Everyone’s market is different.
video recordings are his favorites
bookings plugin example, people didn’t realize had to use it different
real time and not just stats, real usabale actionable data immediately to improve
site was beautiful but just not usable
Showed a hotjar demo
100 at a time,
you do have to purge them
tells himself sometimes “Shut up james, don’t be lazy, do it right!”

How to Fire Yourself
Andrew Norcross

No secret that Andrew is one of my favorite speakers ever. From his ultra direct style, to the Jeb Bush slide I completely stole from him that I end most of my talks with currently, I just am on the same page with a lot of what he is laying down. At the moment, I don’t have a lot of direct need for his specific advice around leaving a company that he founded, but the talk was so chock full of great overall advise around thinking things through and doing them the right way that I felt this was a real win. I am super glad I went.

Raw Notes:
Used to have an agency
wanted people to hire in in spite of him
the work had to be good,
that worked
other goal reputation of company grew well beyond him
for a long time he was the one being hired, not the company
they pulled it off
200% growth
He walked away this spring
growing and their of clients involved way more work that he was not well suited with
roles changed as they scaled
He loves writing code, not the things that come along with it
when he left he was exhausted, took time off
hard to do nothing
did not go in to fail or quit
did not prepare
how many people know how much their company is worth?
how you gonna value the company?
valuations methods are going to come into play, decide before you are worth anything
maybe think trigger terms
hit X, exit
it was harder to leave than a divorce
you can quit your company by closing the company
he trusted his partner and let him take over
Legal, lot to consider
none of this is legal advice
you should have an attorney
thought through how they wanted to part
then took it to lawyer to sort out
If it isn’t documented, it’s up for debate
in this case did buy out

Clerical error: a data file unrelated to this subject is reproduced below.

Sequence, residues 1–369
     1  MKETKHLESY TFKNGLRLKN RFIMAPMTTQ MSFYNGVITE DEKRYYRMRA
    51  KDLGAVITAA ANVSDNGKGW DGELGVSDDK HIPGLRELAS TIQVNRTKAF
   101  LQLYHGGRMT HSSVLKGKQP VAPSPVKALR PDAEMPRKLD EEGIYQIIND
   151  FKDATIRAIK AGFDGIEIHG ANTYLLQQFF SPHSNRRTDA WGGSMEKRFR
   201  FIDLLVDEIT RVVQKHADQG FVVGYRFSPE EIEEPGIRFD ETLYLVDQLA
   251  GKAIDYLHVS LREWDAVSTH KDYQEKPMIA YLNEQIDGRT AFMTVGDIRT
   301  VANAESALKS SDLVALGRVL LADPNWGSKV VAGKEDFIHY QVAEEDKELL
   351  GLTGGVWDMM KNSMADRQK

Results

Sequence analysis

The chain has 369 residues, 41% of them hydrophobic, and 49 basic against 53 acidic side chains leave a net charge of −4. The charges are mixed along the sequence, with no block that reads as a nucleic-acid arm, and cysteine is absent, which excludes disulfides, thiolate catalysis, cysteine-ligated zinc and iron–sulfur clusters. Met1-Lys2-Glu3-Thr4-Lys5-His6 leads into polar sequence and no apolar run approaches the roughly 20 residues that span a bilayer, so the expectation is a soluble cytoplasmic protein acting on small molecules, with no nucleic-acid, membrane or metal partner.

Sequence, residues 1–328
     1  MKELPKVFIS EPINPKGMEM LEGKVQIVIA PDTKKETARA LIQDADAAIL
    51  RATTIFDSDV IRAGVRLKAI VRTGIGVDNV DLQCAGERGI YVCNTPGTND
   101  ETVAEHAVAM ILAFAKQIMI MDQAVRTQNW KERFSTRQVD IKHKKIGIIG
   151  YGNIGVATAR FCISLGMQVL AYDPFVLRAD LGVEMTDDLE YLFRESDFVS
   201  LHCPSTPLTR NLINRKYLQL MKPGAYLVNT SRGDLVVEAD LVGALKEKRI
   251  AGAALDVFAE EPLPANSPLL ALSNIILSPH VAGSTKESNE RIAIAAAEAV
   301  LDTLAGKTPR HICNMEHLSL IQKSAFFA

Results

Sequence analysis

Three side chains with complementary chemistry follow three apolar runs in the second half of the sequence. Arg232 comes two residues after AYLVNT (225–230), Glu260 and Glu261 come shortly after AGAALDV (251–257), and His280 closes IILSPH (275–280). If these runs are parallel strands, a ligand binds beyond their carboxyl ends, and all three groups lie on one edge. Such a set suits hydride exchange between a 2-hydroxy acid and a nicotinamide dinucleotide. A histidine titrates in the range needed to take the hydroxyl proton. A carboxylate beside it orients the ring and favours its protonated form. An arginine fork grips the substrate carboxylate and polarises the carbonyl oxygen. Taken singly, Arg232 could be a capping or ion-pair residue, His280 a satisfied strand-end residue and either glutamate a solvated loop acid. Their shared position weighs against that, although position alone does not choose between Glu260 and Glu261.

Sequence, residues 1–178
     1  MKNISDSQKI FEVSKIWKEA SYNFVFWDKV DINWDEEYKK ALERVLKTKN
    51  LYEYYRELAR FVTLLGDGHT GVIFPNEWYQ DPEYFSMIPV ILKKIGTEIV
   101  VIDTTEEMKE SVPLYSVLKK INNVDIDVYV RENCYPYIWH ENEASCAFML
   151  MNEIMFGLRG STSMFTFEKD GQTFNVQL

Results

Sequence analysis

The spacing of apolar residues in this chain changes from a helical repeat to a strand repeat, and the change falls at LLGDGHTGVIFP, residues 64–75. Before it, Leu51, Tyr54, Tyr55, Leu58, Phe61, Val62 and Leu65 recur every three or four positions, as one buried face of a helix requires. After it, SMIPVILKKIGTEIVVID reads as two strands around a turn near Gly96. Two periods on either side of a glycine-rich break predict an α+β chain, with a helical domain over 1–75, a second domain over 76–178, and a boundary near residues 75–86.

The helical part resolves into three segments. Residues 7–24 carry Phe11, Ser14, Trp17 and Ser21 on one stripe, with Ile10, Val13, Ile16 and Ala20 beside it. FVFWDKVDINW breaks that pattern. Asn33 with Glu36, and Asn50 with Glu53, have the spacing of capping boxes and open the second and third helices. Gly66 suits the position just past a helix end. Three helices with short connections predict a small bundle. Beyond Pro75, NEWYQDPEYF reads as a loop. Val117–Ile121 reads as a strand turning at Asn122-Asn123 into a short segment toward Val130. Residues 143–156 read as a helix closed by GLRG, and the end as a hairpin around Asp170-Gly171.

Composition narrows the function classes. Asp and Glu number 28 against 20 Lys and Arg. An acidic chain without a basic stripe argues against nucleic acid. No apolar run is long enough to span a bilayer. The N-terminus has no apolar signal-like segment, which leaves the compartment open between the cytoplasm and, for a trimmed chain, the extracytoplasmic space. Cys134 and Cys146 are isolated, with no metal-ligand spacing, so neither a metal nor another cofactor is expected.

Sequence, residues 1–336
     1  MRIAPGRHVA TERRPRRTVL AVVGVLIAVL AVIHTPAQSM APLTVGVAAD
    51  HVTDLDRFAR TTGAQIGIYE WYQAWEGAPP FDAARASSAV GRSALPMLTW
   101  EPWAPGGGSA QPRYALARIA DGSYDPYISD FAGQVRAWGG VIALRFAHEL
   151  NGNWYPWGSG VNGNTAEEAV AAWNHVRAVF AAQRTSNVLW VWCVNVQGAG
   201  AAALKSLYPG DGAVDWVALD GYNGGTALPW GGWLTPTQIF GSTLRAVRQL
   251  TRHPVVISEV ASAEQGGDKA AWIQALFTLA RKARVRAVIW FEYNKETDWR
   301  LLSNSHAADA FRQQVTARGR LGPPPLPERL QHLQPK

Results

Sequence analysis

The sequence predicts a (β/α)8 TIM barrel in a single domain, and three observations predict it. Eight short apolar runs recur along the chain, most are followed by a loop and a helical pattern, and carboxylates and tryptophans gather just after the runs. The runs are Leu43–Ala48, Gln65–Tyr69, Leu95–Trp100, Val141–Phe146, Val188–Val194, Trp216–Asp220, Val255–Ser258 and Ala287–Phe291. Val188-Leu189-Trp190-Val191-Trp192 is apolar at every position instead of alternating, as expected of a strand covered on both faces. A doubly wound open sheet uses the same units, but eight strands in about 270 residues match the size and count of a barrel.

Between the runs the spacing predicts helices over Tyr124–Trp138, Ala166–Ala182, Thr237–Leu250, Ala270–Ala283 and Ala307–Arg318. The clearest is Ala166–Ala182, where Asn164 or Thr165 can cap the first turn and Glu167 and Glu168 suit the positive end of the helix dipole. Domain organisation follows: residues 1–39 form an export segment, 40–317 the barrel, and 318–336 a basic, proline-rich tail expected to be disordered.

personal accountant got involved, protect from IRS
Taxes are a huge issue
had to make an s-corp
you can’t remove primary from an s-corp without a lot og hurdles
Corp Amex can not remove owner either
The aftermath
how to split up clients
he took 2 of the clients, everything else stayed with company
business bank account had issues
lot of mieutua but all important
you can be as public or as private as you want
they told employees first before anyone else
otherwise inviting trust issues and negative impacts
What about me?
do something for you, take time for yourself
get to the little stuff around the house
Learned a lot throughout
lot to know
you don;t start with a business partner, you figure that out

Becoming a Better Developer
Micah Wood

As I said on Twitter at the time, this is exactly the kind of talk I came to WordCamo to hear. I have heard similar thoughts around ‘the learning/competence curve’ in the past but I really appreciated Micah’s personal story and thoughts on it. In my day to day world I am constantly learning new technologies and way of doing things. It can become very discouraging to feel like I am incompetent at things. So discouraging I want to give up and just watch internet videos from The Archive. I think the way I felt afterwards is better summed up by one of the question askers in the room who said “Thanks for the talk, I don’t feel alone in this anymore.” I am going to be asking people for more help as I keep learning and headed toward mastery!

Raw Notes:
His story
grew landscaping company
martial arts school
before web dev
economy took a hit
lawn mowing took a hit
left with premium customers
sold those off
Developed and knew enough to get buy
but didn’t feel he had what it took
but really everybody has the ability to bigger things if you put your mind to it
today focusing on development
how to identify where you are at the moment and how to optimize your journey
that is the goal here
Dunning-Kruger Effect
bank robber was wearing invisible ink was surprised he got caught
do dumb people know they are stupid?
perceived ability vs perceived test score vs actual test scores
some people don’t know they are better than they really are
New devs are often more confident that they should be
other end of the spectrum is imposter syndrome – experienced devs are less confident than they should be
it takes competence to recognize competence
how do you know what you need to know without knowing what you need to know?
competence vs competence chart
peak early and then a low valley and then back up